WATCH: Book Stop Project brings libraries to communities
MANILA, Philippines – Libraries are often perceived as institutions with an intimidating ambience. Moreover, not all people can access libraries, especially the less fortunate.
WTA Architecture and Design Studio wants to address this through The Book Stop Project, which is part of the company's corporate social responsibility (CSR) plan.
"The main goal is to promote reading – that's the number one goal. But I think it is also to build communities, because we want to build communities around the Book Stop wherever we are," said WTA principal architect William Ti.
The company takes Book Stop to various places. It has been to Ayala Triangle, Intramuros, Quiapo, San Sebastian Church, and Quezon Memorial Circle. Now, it is located at Bonifacio High Street in Bonifacio Global City (BGC), and at Plaza Roma in Intramuros, in front of the Manila Cathedral.
According to Ti, they started the project in April 2016, with 300 books. They now have a total of 2,000 books divided between the two Book Stops in BGC and Manila.
WTA also holds events every weekend, like open mic sessions for artists, lectures by book authors, and painting workshops.
The number of books grew due to donations and the book exchange program that they started. One can donate a book and get one for free.
"The idea here is that you give a book and you get a book. It's a pretty simple book exchange actually. The only difference being that, we've created a place around it," Ti said.
People can donate all kinds of books, from textbooks to fiction.
"You can leave your books which are no longer in need. You can have it exchanged from the shelf. And you can get any book that you would want to have. It's really helpful. Instead of buying a new book, you can have it for free," said book lover Richelle Miranda who stopped by to exchange her books for new ones in BGC.
According to Ti, the Book Stop does not only help in building communities. It also develops honesty among Filipinos.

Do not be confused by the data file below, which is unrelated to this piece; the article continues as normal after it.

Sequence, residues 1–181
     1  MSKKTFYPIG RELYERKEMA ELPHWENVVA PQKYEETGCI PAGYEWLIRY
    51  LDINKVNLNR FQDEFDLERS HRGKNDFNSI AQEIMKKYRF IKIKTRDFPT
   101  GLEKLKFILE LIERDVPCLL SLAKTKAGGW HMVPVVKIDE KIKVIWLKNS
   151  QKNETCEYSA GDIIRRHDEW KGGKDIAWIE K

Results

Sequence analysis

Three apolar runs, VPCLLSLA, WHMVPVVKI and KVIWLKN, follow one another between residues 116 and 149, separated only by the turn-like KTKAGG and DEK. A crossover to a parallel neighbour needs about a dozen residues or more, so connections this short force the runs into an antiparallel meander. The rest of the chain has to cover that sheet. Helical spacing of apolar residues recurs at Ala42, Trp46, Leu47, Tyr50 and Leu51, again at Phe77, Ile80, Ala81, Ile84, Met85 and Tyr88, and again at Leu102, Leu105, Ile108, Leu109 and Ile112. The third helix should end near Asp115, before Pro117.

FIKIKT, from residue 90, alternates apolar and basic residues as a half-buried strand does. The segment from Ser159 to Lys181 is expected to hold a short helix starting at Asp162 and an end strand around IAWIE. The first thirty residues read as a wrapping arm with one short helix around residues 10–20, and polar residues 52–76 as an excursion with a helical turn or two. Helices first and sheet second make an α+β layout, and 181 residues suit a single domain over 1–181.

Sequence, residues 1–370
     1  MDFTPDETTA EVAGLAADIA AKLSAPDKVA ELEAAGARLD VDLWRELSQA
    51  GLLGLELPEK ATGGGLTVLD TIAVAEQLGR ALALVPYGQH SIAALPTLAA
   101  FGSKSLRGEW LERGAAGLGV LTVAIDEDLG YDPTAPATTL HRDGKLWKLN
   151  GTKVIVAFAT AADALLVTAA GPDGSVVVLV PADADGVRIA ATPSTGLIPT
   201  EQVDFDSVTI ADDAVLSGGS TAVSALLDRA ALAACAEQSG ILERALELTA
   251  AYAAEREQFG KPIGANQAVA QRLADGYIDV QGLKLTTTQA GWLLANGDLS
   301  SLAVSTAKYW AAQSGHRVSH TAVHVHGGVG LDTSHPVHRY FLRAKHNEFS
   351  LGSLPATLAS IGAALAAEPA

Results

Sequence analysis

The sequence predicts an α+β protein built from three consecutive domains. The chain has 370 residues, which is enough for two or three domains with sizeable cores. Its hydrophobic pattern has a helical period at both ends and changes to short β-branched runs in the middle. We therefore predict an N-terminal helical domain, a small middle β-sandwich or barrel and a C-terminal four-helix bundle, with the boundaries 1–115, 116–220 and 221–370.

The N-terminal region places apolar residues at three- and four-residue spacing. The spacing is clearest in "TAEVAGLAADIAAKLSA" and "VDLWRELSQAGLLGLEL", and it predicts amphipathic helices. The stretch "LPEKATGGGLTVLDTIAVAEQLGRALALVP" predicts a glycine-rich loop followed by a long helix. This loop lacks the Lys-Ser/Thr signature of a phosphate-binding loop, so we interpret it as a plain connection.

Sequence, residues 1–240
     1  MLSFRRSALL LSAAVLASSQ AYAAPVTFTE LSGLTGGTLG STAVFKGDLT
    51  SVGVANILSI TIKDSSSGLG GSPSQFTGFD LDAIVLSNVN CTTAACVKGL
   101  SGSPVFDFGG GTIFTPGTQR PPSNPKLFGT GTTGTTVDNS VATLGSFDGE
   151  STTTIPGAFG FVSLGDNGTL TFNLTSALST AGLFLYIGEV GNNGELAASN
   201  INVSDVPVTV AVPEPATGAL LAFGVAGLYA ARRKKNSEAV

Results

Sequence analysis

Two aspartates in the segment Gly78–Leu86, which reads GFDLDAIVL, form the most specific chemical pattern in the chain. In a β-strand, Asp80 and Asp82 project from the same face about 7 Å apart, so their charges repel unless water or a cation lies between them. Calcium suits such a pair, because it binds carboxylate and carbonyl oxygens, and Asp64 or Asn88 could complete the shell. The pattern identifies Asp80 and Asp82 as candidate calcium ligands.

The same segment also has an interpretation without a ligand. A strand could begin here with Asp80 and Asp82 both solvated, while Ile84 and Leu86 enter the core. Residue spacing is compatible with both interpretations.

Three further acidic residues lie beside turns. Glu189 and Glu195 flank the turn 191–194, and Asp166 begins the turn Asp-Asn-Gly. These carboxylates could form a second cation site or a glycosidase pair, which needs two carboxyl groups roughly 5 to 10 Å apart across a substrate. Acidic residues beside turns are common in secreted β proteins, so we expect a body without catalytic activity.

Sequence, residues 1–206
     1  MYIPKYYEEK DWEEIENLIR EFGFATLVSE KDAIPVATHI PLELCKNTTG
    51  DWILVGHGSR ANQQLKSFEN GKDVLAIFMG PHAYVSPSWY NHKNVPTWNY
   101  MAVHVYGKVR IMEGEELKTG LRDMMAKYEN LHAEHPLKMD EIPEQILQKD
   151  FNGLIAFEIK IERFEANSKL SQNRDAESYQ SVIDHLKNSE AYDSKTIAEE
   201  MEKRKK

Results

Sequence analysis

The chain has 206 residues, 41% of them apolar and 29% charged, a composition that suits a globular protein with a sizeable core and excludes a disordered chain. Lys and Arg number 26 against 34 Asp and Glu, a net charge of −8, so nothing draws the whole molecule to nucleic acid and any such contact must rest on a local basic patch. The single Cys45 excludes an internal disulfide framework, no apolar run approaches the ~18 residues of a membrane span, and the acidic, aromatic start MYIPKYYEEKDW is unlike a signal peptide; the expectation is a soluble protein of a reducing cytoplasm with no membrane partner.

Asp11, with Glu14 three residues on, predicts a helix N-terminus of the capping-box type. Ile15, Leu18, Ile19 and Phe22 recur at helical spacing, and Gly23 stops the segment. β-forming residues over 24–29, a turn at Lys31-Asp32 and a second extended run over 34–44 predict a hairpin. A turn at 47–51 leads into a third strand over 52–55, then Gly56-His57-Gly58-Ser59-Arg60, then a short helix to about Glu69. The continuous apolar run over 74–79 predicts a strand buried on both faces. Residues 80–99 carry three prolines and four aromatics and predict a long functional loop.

"It's been a pretty good example of how we can have an honesty system here in Manila," he said as he talked about the famous honesty system in Batanes.
The Book Stop library does not have doors or gates. People can freely enter.
"It's been to public places. We've been in plazas, piazzas, and everyone has access to it. That's the key here. The key here is that – I think one of the frustrating things about libraries in general is that if you go to a library, of course you have the gate, you have to enter the door, there's security check, there's registration, then information," said Ti.
According to him, people like informal settlers are disadvantaged when it comes to formal libraries. That is why they want to bring the library itself to the people.
He said that due to good public reception, they are looking at producing more Book Stop networks in the country.
Building an active citizenry
"I think libraries are a good way of building an active citizenry. We always lament about the citizenry issues and all that. So I think it's a good way to build that," said Ti.
According to him, they are looking forward to partnering with government agencies to not only sustain the project but to help it reach more communities.
"And so we hope that in us providing this library, if we can get more support and if we can get more books, then we can continue this virtuous cycle and have much more healthy communities," he added.
In fact, WTA Architecture and Design Studio is doing a research project on which communities need libraries and what kind of libraries would work for these places.
"We want to engage with the government agencies and see how can we help out. How can we redesign our libraries to make them relevant?" said Ti. – Rappler.com